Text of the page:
The bar exam might be the dryest subject on the planet, but it’s also full of emotions.
Joy when you pass. Sorrow when you fail. Frustration, hopelessness, anxiety, and overwhelm in between.
Naturally, this can be a new and unique life challenge!
The thing is, these feelings are all temporary.
When you pass, you’ll celebrate for a day or two. You’ll probably forget how much you struggled and despaired. You’ll start to worry about other problems like how to get sworn in, or finding and keeping a job, keeping clients happy, and so on, as life goes on.
You might even excitedly thank me and say you’ll do anything to repay me, you’ll give me feedback, you’ll donate essays… then never respond again when I ask for a simple writeup. The high will wear off very quickly.
If you haven’t noticed by now, I live to cackle at people for their inconsistent behaviors LOL (don’t think I forget because I’m definitely judging you if you’ve ever pulled this shit).
That doesn’t mean these powerful emotions you’re feeling now are useless while they’re happening.
What do these have in common?
- Failing the bar
- Having cringeworthy interview moments and getting rejected for jobs
- Breaking up a long-term relationship
- Getting rejected by a date
These were all emotionally and psychologically intense events that happened to me, searing the experience into my brain and soul. Lessons were well learned from these experiences and well applied next time:
- I passed the bar (and continue my crusade over 5 years later)
- I got job offers
- I make time for personal relationships outside of work and the bar (MTYLT)
- I’m chiller and smoother and less needy (ladies)
You must fail to grow. Strength blooms only in adversity.
You can’t just “think your way through” and expect real changes. This is especially tempting and problematic for intellectuals like you.
There’s a degree of separation from a full understanding of something, unless it’s associated with an emotional reaction. In fact, true understanding is an emotional event, not an intellectual event.
For example, you may “get” it when you read an outline. “That makes sense,” you say. Then you try to answer an essay, and you’re like “WTF” and don’t know what the right issues to bring up are.
But if you’re like me, next time you’ll definitely remember what facts trigger a discussion of an “ultra vires act” (a Corporations issue I missed completely during practice).
I had a coaching consult client get frustrated about not being ready right away:
There will be contingencies that will torpedo you out of nowhere, even if you did your best preparation. You’ll get lost. You’ll forget what the 13th Amendment said. You’ll run into issues you’ve never seen. You may even continue to suck at Civ Pro despite weeks of work.
It’s good that he got frustrated early. This feeling is a signal that he should pay more attention to and do something about it.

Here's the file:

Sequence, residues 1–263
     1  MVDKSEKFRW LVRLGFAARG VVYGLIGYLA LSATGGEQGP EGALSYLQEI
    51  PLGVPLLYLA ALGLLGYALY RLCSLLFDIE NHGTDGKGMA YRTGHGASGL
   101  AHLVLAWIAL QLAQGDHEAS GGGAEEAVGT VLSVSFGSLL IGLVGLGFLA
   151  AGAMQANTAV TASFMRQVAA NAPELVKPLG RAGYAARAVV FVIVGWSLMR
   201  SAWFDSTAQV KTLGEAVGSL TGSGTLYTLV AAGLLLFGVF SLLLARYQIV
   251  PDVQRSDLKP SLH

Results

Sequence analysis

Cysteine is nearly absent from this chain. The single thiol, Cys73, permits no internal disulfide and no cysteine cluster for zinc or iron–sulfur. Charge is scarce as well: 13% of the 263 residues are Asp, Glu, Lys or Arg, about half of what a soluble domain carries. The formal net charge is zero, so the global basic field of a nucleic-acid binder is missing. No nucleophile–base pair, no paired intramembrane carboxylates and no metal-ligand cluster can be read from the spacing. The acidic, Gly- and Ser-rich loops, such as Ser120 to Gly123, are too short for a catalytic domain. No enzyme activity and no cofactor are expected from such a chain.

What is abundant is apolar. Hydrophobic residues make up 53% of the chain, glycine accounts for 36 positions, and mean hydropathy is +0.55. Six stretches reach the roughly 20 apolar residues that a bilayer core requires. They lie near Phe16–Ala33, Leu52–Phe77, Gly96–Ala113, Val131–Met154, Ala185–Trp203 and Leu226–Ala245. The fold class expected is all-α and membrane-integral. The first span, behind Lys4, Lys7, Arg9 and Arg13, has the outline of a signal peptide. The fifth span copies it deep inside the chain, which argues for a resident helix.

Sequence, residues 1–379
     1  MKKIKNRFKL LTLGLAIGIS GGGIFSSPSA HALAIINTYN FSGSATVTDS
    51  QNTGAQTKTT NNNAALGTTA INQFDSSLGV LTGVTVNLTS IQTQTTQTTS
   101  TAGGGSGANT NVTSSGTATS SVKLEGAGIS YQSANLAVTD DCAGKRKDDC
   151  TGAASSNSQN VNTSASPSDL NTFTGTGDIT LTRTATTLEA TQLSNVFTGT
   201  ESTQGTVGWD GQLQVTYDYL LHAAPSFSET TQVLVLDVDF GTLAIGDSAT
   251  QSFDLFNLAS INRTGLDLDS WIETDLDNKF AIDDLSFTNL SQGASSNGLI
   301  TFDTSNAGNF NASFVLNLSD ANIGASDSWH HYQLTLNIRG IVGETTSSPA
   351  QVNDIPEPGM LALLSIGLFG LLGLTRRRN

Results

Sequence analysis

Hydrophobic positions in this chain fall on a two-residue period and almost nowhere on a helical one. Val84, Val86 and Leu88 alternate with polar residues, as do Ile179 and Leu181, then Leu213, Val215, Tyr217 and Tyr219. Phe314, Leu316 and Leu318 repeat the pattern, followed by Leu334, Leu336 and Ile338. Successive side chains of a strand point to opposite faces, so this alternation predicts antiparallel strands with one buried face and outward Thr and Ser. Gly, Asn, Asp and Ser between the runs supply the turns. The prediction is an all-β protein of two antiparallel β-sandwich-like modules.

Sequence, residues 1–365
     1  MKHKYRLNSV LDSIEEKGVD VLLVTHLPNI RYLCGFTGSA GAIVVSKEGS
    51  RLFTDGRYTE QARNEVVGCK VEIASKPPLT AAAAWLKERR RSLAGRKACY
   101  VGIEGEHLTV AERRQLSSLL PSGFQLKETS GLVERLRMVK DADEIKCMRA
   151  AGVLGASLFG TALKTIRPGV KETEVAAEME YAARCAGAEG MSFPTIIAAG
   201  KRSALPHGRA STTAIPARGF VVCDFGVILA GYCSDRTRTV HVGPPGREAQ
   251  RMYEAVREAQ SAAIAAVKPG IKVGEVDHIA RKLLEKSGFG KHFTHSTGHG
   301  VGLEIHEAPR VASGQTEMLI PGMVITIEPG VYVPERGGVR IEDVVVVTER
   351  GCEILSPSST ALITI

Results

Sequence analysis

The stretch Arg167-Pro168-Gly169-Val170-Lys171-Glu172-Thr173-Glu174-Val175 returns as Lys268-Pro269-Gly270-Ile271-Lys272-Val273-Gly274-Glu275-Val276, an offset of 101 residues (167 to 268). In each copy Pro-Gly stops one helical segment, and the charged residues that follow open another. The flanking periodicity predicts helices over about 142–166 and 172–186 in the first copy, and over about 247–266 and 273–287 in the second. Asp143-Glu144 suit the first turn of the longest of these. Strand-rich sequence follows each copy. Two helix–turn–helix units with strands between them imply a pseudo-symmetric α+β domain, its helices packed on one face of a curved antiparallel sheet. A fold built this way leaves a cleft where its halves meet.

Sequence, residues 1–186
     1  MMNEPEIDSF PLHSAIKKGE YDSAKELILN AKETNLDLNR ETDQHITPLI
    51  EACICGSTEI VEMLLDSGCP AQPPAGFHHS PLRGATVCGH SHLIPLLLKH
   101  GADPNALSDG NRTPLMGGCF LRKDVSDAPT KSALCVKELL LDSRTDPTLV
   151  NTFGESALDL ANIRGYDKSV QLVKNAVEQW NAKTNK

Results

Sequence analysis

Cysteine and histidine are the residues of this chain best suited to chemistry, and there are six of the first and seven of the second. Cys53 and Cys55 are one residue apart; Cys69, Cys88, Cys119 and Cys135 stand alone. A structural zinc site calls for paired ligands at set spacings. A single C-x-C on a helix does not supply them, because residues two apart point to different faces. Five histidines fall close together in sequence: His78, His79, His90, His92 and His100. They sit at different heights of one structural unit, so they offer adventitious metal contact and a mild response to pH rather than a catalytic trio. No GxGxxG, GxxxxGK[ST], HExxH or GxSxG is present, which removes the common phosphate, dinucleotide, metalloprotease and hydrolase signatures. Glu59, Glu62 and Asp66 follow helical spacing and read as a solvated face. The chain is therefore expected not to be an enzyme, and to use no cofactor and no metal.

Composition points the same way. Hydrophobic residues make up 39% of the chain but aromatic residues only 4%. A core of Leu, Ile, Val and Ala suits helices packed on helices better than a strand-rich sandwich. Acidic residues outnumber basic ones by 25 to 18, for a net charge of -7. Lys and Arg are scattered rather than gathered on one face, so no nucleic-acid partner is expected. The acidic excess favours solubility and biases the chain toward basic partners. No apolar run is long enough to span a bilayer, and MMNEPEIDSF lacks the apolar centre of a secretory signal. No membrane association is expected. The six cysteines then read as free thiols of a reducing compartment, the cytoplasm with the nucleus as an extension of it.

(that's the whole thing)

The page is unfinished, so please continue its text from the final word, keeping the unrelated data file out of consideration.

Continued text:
You’re going to suck on the first day and even the first month.
But you suck even more if you stop trying.
Reframe and welcome your failures because they will give you a better sense of what to do next.
So to give yourself the best chance of passing the bar, I want you to prepare EMOTIONALLY.[Share this nugget on Facebook]
I’m not saying to ready your heart to meet your maker or anything like that (that’s for when you’re sitting in the exam hall). I’m saying, notice when you’re feeling a certain way, and use it to effect a positive change.
Are you feeling frustrated because you got a question wrong or can’t remember yet again what that hearsay exception was? Shocked to see that you got half the MBE set wrong?
Bar preparation isn’t just an intellectual exercise. It’s emotional. It’s mental. It’s also about mastering your ego and psychology.
You’re a human who operates on emotions, no matter how rational you believe you are. Take advantage of your emotions.
Take advantage of your emotions, but don’t let the emotions take over you.
Don’t waste too much time, but trying to maximize and optimize every minute is exhausting and stressful. It can actually reduce your “efficiency.”
One of the biggest differences between my first and second attempts was how relaxed and in flow I was. How are you supposed to learn if your brain is occupied with anxious hormones hammering at your neurons?
The humbling reality of failure grounded me. I started from zero ego.
The assumption we should adopt is that our future is greater than our past. We will recover from the natural recessions in life. Optimism and resiliency are indicators of growth as well.
Get in there. Fail now. Try things. Be patient. Don’t let short-term discomfort cloud your long-term vision. Embarrass yourself as you get half of your MBE questions wrong. Embarrassment is the best way to learn a lesson. You must struggle to truly grow.
“No [one] is more unhappy than he who never faces adversity. For he is not permitted to prove himself.”—Seneca[Share this nugget on Facebook]
And most important, don’t just suffer failure and waste it. Learn from it. Do something with it. Like a muscle, growth comes from remedying your deficiencies—but only if you feed it.
I shared a story once where I asked for honest feedback from an interviewer who said he couldn’t see himself having a beer with me after work. We may feel discomfort at the brutal truth, but the truth is the greatest generosity and gift: